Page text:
Among IPS monitors, the PX248 Prime has better than average viewing angles with only a small reduction in brightness at 45 degrees to the sides. The green color shift is fairly obvious but no more so than any other IPS panel we’ve photographed. Detail remains well delineated with all steps visible. The top down view is slightly blue with a reduction in gamma and about 30% less brightness available.
To learn how we measure screen uniformity, click here.
The PX248 Prime’s screen uniformity is nothing to complain about. 7.29% is one of the best scores we’ve recorded in this test. IPS panels have been known for bleed and glow issues, but we didn’t see that here. Both luminance and color looked perfectly uniform at all brightness levels and in all content.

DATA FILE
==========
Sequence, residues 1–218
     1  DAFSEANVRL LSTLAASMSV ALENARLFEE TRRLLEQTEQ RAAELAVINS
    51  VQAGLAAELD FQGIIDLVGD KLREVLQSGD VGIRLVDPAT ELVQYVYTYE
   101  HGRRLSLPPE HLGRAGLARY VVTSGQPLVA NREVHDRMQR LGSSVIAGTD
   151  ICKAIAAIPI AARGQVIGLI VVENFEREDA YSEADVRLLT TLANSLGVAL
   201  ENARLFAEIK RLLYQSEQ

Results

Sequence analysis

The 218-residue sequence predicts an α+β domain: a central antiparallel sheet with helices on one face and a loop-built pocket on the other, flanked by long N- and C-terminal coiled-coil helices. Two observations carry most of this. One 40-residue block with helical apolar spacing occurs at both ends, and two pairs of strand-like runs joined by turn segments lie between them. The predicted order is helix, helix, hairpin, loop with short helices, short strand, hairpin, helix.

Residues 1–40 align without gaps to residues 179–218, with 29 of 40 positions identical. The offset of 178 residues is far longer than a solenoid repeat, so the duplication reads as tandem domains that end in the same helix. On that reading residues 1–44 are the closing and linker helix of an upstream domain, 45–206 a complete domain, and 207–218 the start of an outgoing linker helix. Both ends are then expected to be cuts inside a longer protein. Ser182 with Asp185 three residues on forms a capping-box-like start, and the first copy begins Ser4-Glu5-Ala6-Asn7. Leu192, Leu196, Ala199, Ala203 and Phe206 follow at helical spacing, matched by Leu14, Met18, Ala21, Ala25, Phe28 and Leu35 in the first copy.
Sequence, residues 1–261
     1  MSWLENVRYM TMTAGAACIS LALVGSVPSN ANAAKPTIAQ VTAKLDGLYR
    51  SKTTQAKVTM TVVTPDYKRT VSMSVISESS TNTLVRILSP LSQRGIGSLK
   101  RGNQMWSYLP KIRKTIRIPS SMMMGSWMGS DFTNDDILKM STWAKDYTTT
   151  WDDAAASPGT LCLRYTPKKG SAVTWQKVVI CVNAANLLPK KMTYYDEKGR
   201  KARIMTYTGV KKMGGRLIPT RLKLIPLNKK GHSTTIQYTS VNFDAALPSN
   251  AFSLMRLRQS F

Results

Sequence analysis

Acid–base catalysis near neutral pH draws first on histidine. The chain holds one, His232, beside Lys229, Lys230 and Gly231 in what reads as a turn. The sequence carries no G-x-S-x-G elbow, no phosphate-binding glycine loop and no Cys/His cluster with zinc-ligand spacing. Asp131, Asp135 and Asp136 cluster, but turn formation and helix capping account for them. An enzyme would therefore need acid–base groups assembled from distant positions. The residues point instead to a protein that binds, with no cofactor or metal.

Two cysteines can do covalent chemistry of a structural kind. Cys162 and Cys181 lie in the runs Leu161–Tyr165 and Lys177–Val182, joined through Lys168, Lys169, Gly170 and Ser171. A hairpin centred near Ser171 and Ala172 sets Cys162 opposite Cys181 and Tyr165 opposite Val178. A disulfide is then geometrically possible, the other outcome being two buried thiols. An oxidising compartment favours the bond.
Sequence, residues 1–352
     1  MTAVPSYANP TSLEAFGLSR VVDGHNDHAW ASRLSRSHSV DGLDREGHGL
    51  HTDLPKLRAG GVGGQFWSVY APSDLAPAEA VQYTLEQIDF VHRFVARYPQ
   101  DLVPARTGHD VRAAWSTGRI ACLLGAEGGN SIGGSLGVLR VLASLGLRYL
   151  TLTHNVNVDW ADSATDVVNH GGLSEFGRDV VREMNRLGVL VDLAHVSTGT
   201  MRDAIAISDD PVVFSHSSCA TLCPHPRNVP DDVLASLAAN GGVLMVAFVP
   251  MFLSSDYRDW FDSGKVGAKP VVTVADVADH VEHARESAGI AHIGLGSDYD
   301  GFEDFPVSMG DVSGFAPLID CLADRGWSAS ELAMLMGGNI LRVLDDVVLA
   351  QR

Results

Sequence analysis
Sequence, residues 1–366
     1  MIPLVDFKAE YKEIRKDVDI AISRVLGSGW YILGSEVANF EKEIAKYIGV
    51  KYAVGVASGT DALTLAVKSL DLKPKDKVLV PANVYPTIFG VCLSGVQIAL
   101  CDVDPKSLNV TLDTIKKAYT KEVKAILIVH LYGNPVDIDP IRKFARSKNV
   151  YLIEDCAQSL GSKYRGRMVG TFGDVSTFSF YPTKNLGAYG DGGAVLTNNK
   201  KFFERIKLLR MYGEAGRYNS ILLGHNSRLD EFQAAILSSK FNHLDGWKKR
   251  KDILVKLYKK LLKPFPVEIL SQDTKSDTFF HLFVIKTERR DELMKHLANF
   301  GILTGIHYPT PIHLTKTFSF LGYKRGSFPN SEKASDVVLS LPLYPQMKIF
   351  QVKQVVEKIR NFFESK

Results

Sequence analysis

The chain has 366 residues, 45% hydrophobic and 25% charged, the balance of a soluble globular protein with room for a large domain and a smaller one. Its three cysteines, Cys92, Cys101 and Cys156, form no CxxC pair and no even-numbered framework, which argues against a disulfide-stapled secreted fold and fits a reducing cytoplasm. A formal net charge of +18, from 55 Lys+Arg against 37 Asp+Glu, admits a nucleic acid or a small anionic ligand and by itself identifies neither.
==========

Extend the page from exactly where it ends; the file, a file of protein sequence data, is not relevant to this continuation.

Pixel Response & Input Lag
Click here to read up on our pixel response and input lag testing procedures.
The PX248 Prime is marketed at gamers because of its speed and video processing performance. On that score, it delivered just fine. Its 7ms response time is typical of all 144 Hz monitors regardless of resolution. The Cooler Master has an overclock feature that takes it to 200 Hz, so it runs a tad faster. In the input lag test, the PX248 Prime is slightly behind the other screens but a 6ms difference between first and last is pretty hard to spot. If you’re a casual or mainstream gamer you’ll likely see no issues while gaming. Motion was smooth during our testing with no stutter or tearing and almost no blur. Adaptive-Sync worked perfectly at all frame rates up to the 144 Hz maximum.